The high-level point is that all these methods rely on taking subsets of features. This makes the theoretical version exponential in runtime: for N features, there are 2N combinations of presence and absence. That is too expensive for most N, so these methods approximate. Even with approximations, kernel SHAP can be slow. Also, we don’t know of any systematic study of how good the approximation is.
There are versions of SHAP specialized to different model architectures for speed. For example, Tree SHAP computes all the subsets by cleverly keeping track of what proportion of all possible subsets flow down into each of the leaves of the tree. However, if your model architecture does not have a specialized algorithm like this, you have to fall back on kernel SHAP, or another naive (unoptimized) Shapley-value-based method.
A Shapley-value-based method is attractive as it only requires black box access to the model (i.e. computing outputs from inputs), and there is a version agnostic to the model architecture. For instance, it does not matter whether the model function is discrete or continuous. The downside is that exactly computing the subsets is exponential in the number of features.
What is a gradient-based explanation method?
A gradient-based explanation method tries to explain a given prediction by using the gradient of (i.e. change in) the output with respect to the input features. Some methods like Integrated Gradients (IG), GradCAM, and SmoothGrad literally apply the gradient operator. Other methods like DeepLift and LRP apply “discrete gradients.”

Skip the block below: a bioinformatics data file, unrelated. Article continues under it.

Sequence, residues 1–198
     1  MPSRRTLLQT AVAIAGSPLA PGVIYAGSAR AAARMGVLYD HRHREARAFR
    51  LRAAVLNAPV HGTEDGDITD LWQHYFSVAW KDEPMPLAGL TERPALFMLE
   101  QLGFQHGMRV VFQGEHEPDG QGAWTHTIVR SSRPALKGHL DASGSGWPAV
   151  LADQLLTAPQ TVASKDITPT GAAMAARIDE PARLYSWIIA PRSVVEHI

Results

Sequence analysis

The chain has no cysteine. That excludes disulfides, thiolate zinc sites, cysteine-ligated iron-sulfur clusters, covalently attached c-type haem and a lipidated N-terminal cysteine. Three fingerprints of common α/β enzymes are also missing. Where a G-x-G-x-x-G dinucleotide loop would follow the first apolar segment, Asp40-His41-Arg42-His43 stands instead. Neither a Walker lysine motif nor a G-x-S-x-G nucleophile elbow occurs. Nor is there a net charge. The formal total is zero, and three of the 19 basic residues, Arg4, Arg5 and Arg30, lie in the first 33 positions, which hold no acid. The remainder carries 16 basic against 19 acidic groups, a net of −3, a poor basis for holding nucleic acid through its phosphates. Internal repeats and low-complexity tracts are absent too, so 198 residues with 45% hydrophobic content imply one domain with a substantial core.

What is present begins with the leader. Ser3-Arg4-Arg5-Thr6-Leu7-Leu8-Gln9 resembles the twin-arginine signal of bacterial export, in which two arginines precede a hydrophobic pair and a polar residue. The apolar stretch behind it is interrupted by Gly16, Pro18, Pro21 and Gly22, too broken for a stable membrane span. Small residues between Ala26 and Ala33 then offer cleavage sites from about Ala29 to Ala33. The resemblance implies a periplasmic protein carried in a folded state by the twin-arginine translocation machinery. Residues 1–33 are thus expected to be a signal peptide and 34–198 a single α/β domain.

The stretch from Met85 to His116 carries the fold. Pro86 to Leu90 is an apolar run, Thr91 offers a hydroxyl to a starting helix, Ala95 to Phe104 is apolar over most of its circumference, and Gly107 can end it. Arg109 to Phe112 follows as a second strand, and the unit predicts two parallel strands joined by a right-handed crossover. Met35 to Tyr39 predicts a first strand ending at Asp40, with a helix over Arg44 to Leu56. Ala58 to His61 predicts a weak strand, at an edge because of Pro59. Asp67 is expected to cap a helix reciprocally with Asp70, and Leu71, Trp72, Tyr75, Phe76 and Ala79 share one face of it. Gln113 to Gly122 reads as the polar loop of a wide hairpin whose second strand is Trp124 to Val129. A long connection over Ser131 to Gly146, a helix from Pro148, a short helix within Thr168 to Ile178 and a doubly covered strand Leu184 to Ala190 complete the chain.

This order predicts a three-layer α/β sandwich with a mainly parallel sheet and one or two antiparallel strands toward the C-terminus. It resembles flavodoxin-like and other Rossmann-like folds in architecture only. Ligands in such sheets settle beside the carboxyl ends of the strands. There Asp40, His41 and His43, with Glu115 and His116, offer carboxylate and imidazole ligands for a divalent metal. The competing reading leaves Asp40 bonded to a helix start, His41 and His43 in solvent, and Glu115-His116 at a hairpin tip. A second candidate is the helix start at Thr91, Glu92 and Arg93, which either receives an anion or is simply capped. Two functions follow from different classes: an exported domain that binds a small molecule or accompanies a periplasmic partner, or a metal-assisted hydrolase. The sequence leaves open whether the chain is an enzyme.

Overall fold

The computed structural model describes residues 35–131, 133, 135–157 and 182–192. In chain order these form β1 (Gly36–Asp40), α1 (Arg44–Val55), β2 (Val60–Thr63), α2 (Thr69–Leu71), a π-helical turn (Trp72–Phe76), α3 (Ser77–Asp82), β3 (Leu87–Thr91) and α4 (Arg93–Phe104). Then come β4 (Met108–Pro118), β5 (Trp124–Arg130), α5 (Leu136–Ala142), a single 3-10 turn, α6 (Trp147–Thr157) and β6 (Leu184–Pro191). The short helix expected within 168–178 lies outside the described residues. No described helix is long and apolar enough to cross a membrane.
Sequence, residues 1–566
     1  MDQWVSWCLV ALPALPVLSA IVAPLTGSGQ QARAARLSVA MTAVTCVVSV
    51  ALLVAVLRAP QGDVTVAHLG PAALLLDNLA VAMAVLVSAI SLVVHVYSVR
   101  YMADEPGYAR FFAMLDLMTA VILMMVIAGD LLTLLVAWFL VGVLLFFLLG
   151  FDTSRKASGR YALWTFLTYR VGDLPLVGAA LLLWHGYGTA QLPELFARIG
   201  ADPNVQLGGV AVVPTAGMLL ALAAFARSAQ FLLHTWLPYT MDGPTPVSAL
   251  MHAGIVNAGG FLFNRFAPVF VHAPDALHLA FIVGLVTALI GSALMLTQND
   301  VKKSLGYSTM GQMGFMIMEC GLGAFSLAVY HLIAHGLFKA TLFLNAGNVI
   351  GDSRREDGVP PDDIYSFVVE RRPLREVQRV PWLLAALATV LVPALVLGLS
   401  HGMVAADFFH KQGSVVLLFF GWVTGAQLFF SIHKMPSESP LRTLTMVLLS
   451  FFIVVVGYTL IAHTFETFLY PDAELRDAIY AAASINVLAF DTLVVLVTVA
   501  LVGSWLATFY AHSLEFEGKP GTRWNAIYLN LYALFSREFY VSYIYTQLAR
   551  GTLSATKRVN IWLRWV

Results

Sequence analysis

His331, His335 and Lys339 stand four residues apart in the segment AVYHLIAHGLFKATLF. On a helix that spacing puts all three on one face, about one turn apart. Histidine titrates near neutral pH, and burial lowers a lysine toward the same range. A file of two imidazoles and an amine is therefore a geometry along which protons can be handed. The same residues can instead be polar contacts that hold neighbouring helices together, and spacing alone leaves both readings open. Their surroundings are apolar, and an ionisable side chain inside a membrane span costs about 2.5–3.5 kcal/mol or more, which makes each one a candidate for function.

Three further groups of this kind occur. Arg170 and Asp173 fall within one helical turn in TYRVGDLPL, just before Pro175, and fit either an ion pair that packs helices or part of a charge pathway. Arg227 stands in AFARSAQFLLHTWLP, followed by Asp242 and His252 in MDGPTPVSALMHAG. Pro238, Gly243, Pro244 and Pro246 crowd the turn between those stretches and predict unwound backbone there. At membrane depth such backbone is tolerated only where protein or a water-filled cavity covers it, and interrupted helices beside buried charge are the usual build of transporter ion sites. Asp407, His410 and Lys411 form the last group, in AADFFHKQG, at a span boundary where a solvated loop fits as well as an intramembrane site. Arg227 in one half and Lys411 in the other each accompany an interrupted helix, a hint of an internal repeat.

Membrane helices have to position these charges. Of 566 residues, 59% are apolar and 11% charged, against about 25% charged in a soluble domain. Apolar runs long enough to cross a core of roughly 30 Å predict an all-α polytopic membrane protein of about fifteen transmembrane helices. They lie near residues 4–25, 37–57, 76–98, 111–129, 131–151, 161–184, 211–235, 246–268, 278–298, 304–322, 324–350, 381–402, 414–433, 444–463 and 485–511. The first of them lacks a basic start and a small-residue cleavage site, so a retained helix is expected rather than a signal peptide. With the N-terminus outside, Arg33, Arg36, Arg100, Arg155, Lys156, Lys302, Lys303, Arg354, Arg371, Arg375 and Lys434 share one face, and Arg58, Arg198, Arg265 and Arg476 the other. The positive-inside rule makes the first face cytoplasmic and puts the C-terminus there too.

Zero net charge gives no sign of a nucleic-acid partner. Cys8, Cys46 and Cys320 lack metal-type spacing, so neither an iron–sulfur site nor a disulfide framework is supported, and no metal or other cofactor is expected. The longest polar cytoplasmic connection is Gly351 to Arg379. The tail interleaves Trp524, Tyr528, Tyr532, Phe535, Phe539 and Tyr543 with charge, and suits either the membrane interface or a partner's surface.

Let me describe IG, which has the advantage that it tries to approximate Aumann-Shapley values, which are axiomatically justified. IG operates by considering a straight line path, in feature space, from the input at hand (e.g., an image from a training set) to a certain baseline input (e.g., a black image), and integrating the gradient of the prediction with respect to input features (e.g., image pixels) along this path.
This paper explains the intuition of the IG algorithm as follows. As the input varies along the straight line path between the baseline and the input at hand, the prediction moves along a trajectory from uncertainty to certainty (the final prediction probability). At each point on this trajectory, one can use the gradient with respect to the input features to attribute the change in the prediction probability back to the input features. IG aggregates these gradients along the trajectory using a path integral.
IG (roughly) requires the prediction to be a continuous and piecewise differentiable function of the input features. (More precisely, it requires the function is continuous everywhere and the partial derivative along each input dimension satisfies Lebesgue’s integrability condition, i.e., the set of discontinuous points has measure zero.)
Note it is important to choose a good baseline for IG to make sensible feature attributions. For example, if a black image is chosen as baseline, IG won’t attribute importance to a completely black pixel in an actual image. The baseline value should both have a near-zero prediction, and also faithfully represent a complete absence of signal.
IG is attractive as it is broadly applicable to all differentiable models, easy to implement in most machine learning frameworks (e.g., TensorFlow, PyTorch, Caffe), and computationally scalable to massive deep networks like Inception and ResNet with millions of neurons.
When should you use a Shapley-value-based versus a gradient-based explanation method?
Finally, the payoff! Our advice: If the model function is piecewise differentiable and you have access to the model gradient, use IG. Otherwise, use a Shapley-value-based method.